A confirmed case of TDS can be narrowly identified as an automatic disagreement with a Trump policy or pronouncement regardless of its merits. If Trump announces a policy that bears some level of value but is instantly dismissed, hyper-criticized or receives an extreme measure of emotional response, the likelihood of the person suffering from TDS seems certain. 

On the other hand, someone who reacts to Trump’s behaviour does not necessarily qualify as an unhinged respondent. Rather, an often-agitated devotee of Trump explains any criticism of his/her leader as evidence of betrayal or TDS, in reality, displaying a cult-like fealty to the former president. This allegiance probably indicates an unquestioned loyalty to Trump, his policies, and his practices. Hurling TDS at any criticism, worthy or not, seems to be a natural inclination of those allied with Trump so assiduously.  


The steps needed to manage this problem demand both sides to lay down their arms, a very challenging goal for many and for some, close to impossible. In my own interactions with those highly opposed to Trump, they usually are unable to acknowledge any positive he has done, nor do they recognize, with some judiciousness, that Mr. Trump, while often skirting the law, is neither above nor beneath the law. Nancy Pelosi, former Speaker of the House has even confused American jurisprudence, suggesting Mr. Trump deserves his day in court to prove his innocence (as opposed to the reality that the one bringing the charges must prove his guilt).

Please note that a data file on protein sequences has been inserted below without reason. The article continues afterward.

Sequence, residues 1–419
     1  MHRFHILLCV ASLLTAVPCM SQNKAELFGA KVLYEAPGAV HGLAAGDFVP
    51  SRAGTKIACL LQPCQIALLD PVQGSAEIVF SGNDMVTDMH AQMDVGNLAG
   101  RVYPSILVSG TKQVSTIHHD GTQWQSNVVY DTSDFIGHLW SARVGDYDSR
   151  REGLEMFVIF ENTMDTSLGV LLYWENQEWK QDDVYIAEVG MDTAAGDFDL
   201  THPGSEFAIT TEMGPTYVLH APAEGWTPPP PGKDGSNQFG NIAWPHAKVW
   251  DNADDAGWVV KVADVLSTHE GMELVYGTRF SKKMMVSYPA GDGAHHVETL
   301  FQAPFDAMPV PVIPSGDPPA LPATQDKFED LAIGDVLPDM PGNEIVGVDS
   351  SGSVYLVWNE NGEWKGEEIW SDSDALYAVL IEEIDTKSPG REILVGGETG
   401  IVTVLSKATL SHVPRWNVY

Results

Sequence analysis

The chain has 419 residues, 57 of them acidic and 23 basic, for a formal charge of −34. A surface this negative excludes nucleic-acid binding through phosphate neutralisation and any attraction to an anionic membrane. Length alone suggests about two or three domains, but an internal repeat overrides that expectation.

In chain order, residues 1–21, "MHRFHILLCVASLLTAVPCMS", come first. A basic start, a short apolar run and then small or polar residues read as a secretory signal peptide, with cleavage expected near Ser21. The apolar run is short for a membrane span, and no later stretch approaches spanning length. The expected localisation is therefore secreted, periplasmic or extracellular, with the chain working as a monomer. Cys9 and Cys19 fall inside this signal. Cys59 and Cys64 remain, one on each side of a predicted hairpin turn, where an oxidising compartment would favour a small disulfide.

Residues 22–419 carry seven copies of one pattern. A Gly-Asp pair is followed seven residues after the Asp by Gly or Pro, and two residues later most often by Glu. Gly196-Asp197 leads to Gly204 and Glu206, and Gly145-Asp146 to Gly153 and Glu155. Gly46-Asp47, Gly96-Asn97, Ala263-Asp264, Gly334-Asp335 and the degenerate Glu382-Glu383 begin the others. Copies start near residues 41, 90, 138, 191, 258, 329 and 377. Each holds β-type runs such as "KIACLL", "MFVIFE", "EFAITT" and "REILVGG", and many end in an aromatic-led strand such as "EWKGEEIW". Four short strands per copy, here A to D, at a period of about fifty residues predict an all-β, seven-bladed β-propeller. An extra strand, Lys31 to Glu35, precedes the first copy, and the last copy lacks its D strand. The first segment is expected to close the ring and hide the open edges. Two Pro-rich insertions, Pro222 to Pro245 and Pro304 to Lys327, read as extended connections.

This seems to be the prevailing understanding of what should happen to the Donald, a special case in their minds because his former office demands a better standard. One, of course, they have often overlooked in the case of their own favoured political leaders. 

As for the Trumplicans, they resort to accusations of disloyalty or TDS, or better yet, if a long-time Republican criticizes the 45th president, these traitors are told they are RINOS (Republican in name only), a designation meant to marginalize them as mere Democrats in sheep’s clothing.

The ugliness of these political divisions causes great harm to the body politic, splitting apart people who would normally be on the same side of great issues. These hostile attacks on fellow members of the party include ones against luminaries like the late John McCain, Mitt Romney, and Mitch McConnell, but include a much longer list. Trump’s takeover looks like nothing else in American political party history. 

Reconciling these divergent views within the Republican Party would demand great discipline on the part of Donald Trump, something he has recklessly avoided throughout his political and personal life. Unfortunately, this unfiltered approach to communication justifies the screaming back and forth that occurs not only between Democrats and Republicans but between old-stock Republicans and the Trump-energized base.